Homeschooling Families

A Dad's Perspective on Homeschooling
Summer 2015: A Dad’s Perspective on Homeschooling
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A few women have shared with me their desire to homeschool and the disappointment they feel because their husbands are opposed to it. They then want my advice on how to handle their spouse’s opposition. My initial reaction is to encourage them with how my husband, Chris, was very much opposed to homeschooling at first, too. For fun, I interviewed Chris for this column.

When I brought up my desire to homeschool our future children, what was your initial reaction?

Not going to happen.

Why was this your response?

Because every homeschooled kid I knew just seemed socially awkward.

What made you change your mind?

My wife kept saying she wanted to do it, so finally I just gave up and let her.

Was there any kind of compromise?

I just remember wanting them to be tested.

Why would you want them to be tested?

To make sure they weren’t falling behind and were at the grade level they should be at.

It sounds like you were concerned I wouldn’t do a good job educating them? Is this accurate?

Yes, and I was concerned about the socialization of our kids.

What is your opinion now?

I am now very pro-homeschooling. But it does overall depend on the parent’s commitment.

What would you say to other Dads opposed of their kids being homeschooled like you once were?

Give it a try. Talk to your spouse about it. Find out their commitment level. Realize that in homeschooling, you can pick the crowd your kids hang out with and the values that they are taught.

Compromise by allowing the children to be homeschooled for a year and prove to the other spouse that they can be successful doing it. A year will show the other spouse the commitment of the homeschooling parent’s involvement and dedication. Other aspects of trying it for a year would be the way the family dynamic is impacted.

How has our family overcame the socialization aspect?

We involve our kids in community sports. They are able to choose two sports to participate in each year. We are a part of a Classical Conversation homeschool community that meets once a week, and you meet with other Moms once a week for a fun review. Our two older boys participate in a free library program every Wednesday at the local library. You do play dates. Our kids are also involved in the children’s ministry at James River Church. We encourage volunteering as a family and have done this several times in numerous aspects, the most regular one being SingleMomzRock three times a month.

Of course, it does not take this much involvement to raise a well-rounded kid. Grocery shopping is a learning experience in itself on how to interact with others. I tend to get several people wanting to talk to me and the kids when we go places. We stress the importance of making eye contact when talking to someone and we require them to politely respond to people we converse with.

Overall, what has been your experience with homeschooling and would you recommend it to others?

My overall experience is that my kids seem to be more advanced, more polite, and more structured. All of this has impressed me and really made me pro-homeschooling after seeing the results. I would recommend it to parents who are not lazy, because it’s a lot of work.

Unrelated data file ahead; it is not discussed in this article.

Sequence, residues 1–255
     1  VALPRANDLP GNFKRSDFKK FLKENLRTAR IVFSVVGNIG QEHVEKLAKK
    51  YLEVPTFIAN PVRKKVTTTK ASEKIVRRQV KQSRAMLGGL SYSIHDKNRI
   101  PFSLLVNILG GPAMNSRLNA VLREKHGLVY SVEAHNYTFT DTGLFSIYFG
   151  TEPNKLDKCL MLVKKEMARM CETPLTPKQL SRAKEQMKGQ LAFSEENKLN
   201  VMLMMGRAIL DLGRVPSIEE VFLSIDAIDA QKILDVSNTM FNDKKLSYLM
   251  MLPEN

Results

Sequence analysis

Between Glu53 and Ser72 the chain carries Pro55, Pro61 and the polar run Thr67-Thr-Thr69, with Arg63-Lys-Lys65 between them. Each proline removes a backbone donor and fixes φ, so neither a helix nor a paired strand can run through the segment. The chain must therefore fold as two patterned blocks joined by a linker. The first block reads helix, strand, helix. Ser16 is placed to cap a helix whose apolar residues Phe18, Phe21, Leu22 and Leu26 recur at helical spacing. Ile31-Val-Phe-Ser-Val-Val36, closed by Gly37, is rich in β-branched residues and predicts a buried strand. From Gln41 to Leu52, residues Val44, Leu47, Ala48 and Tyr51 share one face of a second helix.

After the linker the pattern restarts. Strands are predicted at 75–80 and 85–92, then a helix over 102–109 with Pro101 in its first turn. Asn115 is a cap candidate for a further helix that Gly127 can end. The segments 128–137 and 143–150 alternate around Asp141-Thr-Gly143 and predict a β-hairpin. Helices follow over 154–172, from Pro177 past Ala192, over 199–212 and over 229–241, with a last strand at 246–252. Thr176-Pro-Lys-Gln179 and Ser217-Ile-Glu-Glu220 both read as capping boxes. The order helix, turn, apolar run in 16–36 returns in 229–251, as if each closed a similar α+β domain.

Do you help out with homeschooling or is it me who solely educates?

If I see you struggling with one of our kids, I step in and help. It’s just like helping a kid in public school with their homework. It is predominately you, but I do help when I can. I help you by doing housework so you can concentrate on homeschooling and not have as many things that need to be done. I don’t expect you to have all the housework done. I understand homeschooling does take time. I’m here to help you in whatever area you need help with so our home runs smoothly, with education being the top priority. Homeschooling overall is very flexible and very rewarding.

And do you still think home-schooled kids are socially awkward?

Some, but overall not as many. A lot of resources now exist for homeschooling family’s that didn’t exist in the past. Ultimately kids seem to mimic their parent’s demeanor, and it’s up to a parent to train their child in appropriate behavior.

Words can’t express how sincerely grateful I am to my husband for giving me the opportunity to educate our children, as well as how supportive he is by helping me with house work, our new baby, being a very involved Dad to our children, or just that hug when I need it. We have been overwhelmingly blessed on this journey by the friendships we’ve made, the amazing classical method of education Classical Conversations consists of, and the way it’s positively impacted our family. In the end, praying is the best advice I can give to someone whose spouse opposes the homeschool method of education. God will give you peace either way. In no way do I think homeschooling is “the only way”. It’s just “the only way” for us. Chris and I argued over this numerous times before coming to agreement. I am definitely thankful he “gave in to me”. And to note, they have “yet” to be tested.

Jackie Wedge
About author:

Jackie Wedge has a bachelor’s degree in marketing from Missouri State University and likes to joke that she attended school to be a stay-at-home mom and homeschool her three boys. She is also involved at her church, where she volunteers in the Early Childhood Department and teaches Sunday school. She has a heart for single moms and is the Children’s Program Director for SingleMomzRock. Visit her website, www.hopeineverything.com, dedicated to bringing hope to the hopeless through real life stories, including resources for military families and single moms.

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